Throwing streamers at revolutionaries


I am a bit late to this (well 3 and a bit weeks – though there seems to have been surprisingly little coverage in the Marketing and media press). Particularly bearing in mind I could lean out of one of the agency windows, and even with my useless throwing arm, hit the windows of the Guardian’s offices. Not with a stone you understand, but perhaps more appropriately a streamer.

Rupert Murdoch’s pay-wall approach to online newspapers, particularly bearing in mind his comment in 2006 in Wired, seems even more Luddite in the context of this Guardian initiative.

“To find something comparable , you have to go back 500 years to the printing press, the birth of mass media….technology is shifting power away from the editors, the publishers, the establishment, the media elite. Now it’s the people who are taking control”.

After 18 months of development and experimentation, the Guardian are doing the complete opposite to News International – opening up their content for anyone to use. The Guardian are the first major news site to offer all content to developers / the public at large through APIs and the new Open Platform frees Guardian content from the limits of the main Guardian site.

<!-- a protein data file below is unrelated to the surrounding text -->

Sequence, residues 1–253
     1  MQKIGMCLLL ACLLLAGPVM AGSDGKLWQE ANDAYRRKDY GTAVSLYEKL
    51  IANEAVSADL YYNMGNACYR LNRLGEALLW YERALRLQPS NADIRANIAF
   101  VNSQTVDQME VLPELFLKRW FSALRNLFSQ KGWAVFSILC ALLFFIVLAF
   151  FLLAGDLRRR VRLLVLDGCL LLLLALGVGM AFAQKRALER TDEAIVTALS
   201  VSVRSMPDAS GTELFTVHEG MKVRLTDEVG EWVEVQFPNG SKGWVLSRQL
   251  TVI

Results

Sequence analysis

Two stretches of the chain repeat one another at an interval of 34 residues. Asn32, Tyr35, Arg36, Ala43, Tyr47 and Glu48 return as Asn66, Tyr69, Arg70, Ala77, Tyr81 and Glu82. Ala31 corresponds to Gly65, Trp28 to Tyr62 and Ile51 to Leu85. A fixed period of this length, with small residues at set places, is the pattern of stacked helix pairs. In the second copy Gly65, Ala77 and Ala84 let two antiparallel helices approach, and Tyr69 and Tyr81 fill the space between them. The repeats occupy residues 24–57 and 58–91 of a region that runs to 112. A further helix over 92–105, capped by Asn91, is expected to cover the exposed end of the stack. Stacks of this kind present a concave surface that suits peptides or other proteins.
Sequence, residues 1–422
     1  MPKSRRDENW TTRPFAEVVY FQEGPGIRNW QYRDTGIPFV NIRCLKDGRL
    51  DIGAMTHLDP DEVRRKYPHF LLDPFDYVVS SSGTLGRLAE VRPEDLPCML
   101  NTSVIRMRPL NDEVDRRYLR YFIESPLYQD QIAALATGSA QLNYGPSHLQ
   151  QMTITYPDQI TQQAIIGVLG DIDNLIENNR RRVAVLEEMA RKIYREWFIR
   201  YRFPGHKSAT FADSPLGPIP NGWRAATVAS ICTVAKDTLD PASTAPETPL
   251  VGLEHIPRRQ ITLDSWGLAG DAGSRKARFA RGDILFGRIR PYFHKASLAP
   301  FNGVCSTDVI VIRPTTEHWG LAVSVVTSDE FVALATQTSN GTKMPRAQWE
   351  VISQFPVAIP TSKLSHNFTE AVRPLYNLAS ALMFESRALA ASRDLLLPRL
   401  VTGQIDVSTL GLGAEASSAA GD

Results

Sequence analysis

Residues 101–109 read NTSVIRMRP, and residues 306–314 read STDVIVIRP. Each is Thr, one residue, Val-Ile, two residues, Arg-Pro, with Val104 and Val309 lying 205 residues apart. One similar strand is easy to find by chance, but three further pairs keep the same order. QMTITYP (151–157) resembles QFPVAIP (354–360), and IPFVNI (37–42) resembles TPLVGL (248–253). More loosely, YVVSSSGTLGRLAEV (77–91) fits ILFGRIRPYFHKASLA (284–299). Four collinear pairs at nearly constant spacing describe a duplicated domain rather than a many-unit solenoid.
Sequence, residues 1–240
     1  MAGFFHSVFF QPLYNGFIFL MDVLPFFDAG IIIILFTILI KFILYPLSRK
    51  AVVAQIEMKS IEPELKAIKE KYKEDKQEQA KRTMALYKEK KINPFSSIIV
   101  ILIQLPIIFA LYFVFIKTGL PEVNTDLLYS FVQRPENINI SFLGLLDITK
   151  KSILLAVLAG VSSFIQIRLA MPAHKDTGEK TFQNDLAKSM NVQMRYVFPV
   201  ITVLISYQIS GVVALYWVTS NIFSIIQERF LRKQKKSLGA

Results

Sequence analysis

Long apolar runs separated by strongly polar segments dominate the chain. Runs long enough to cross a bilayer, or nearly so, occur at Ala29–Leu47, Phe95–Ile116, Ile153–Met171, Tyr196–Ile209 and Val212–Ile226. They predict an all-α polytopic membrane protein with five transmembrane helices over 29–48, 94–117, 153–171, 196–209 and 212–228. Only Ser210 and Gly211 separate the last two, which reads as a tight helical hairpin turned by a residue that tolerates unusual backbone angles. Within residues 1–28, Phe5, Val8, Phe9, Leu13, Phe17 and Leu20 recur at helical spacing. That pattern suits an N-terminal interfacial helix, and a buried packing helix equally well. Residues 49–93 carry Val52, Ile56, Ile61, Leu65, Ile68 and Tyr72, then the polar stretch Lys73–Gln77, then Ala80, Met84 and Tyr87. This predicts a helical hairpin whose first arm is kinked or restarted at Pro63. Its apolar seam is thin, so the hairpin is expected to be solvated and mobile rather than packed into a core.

This follows on the back of their success at harnessing user power to decipher the MPs expenses files, and numerous examples of where the willingness of readers to and collaborate in the editorial process has resulted in innovative story angles.
Add to this the track record of the iPhone and Facebook (to name just 2 examples) when they opened up their API, and it seems that the Guardian might be more in tune with where things are headed. The opportunity for the Guardian’s content and hence its brand to spread across the web, particularly when others are walling theirs in, should also work in their favour. Who knows, just as Mr Cameron and his colleagues have been able to take on some liberal values, maybe some of the readers of Rupert’s quality brands may find themselves warming to the Guardian, particularly with its wider visibility to them.

For more detail go to the Guardian’s Open Platform site, and there’s a blog post about the launch from Matt McAlister the projects lead developer here and a range of comments and perspectives here and here.

The opportunity is now for clients and agencies (and particularly creative agencies) to grasp this nettle (because it’s bound to get a bit itchy for some).

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